"I am walking and thinking."
Translation:Я хожу и думаю.
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Not strictly incorrect, but they're usually avoided, especially in writing or formal speech. It's not a grammatical mistake, but a stylistic mistake: usually such sentences sound too colloquial.
This is related to the past tense. Since in the past tense you can't tell the subject if it's not indicated with a pronoun (e.g. «я ходи́л(а)» 'I was walking', «ты ходи́л(а)» 'you were walking', «он(а) ходи́л(а)» '(s)he was walking'), a subject is required in the Past tense. In other tenses, the pronoun is used by analogy.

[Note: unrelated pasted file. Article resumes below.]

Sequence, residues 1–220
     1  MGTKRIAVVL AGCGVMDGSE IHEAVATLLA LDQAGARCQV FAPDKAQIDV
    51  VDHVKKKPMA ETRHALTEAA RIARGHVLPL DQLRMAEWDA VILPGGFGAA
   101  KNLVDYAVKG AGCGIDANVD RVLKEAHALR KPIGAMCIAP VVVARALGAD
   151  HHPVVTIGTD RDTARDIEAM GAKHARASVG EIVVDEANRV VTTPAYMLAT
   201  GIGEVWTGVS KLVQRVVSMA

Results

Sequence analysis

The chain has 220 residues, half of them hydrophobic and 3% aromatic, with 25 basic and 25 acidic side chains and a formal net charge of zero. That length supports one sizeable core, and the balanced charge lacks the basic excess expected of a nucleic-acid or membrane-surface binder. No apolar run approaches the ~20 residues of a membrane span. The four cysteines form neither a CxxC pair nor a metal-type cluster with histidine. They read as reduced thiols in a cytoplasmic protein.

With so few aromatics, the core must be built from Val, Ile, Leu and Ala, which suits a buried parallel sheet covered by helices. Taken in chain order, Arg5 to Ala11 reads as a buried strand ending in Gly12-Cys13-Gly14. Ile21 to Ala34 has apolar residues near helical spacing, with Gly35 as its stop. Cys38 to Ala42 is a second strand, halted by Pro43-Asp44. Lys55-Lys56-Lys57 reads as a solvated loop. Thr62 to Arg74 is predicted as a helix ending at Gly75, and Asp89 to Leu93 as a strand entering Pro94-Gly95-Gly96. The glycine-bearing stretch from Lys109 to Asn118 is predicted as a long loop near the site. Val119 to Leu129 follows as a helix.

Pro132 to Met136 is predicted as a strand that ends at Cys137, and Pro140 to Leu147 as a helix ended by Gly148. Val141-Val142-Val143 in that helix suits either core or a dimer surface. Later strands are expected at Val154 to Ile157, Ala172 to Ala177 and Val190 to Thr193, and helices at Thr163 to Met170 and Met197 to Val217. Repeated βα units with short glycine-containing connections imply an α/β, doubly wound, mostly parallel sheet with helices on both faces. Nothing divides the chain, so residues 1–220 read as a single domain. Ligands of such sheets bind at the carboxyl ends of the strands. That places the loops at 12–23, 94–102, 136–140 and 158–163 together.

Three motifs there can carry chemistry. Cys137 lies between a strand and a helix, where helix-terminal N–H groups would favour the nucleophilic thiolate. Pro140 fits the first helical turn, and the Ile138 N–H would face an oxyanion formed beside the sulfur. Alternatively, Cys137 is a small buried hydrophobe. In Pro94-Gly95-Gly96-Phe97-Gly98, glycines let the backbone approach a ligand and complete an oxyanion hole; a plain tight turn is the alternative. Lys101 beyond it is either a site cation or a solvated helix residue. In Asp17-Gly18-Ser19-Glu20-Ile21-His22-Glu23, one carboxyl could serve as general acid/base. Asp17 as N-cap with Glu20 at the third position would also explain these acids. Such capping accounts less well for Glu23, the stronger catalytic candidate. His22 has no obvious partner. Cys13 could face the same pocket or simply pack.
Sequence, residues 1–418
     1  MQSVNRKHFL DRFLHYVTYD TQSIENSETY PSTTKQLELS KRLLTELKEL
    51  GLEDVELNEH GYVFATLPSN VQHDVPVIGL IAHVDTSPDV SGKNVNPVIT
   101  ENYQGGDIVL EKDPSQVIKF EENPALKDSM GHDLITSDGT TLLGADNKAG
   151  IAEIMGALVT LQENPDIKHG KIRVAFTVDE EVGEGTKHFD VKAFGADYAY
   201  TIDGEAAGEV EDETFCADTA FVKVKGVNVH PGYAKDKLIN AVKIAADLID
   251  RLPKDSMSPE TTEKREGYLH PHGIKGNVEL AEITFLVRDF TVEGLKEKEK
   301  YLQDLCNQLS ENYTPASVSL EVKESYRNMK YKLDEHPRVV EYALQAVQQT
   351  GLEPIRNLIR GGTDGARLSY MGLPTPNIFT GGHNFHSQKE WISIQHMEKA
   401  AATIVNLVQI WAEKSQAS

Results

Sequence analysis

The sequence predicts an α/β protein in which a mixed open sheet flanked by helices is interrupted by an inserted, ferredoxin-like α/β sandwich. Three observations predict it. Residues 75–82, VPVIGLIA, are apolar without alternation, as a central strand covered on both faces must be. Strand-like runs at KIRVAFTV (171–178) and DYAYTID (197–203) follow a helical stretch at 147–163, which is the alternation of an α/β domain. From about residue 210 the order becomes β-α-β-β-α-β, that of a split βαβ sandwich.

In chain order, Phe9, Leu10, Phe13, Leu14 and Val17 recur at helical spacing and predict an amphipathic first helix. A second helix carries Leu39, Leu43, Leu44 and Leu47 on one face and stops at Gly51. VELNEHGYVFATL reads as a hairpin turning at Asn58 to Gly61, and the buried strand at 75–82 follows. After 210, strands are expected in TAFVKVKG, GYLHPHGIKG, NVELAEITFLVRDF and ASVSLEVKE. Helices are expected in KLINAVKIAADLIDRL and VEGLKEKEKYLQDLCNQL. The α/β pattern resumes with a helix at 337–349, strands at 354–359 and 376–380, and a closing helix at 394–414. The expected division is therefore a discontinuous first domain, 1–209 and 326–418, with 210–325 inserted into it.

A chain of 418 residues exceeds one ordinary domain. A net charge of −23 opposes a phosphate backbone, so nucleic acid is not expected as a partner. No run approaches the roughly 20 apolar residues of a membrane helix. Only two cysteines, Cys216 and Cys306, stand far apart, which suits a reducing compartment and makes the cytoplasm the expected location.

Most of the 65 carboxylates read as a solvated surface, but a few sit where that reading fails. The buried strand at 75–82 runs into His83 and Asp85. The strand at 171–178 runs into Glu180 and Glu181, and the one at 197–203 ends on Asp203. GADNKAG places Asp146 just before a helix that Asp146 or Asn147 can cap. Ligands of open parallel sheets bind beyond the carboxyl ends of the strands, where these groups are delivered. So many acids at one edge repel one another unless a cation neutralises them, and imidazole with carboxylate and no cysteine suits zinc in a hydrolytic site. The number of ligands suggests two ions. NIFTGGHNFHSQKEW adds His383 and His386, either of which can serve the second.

Many Slavic languages allow dropping the pronoun. This is because these languages didn't drop the linking verb 'to be', like Russian did (e.g. in Slovenian you don't need jaz in (jaz) hodil(a) sem 'I was walking', because it uses the verb sem). Russian is different from other Slavic languages in this respect.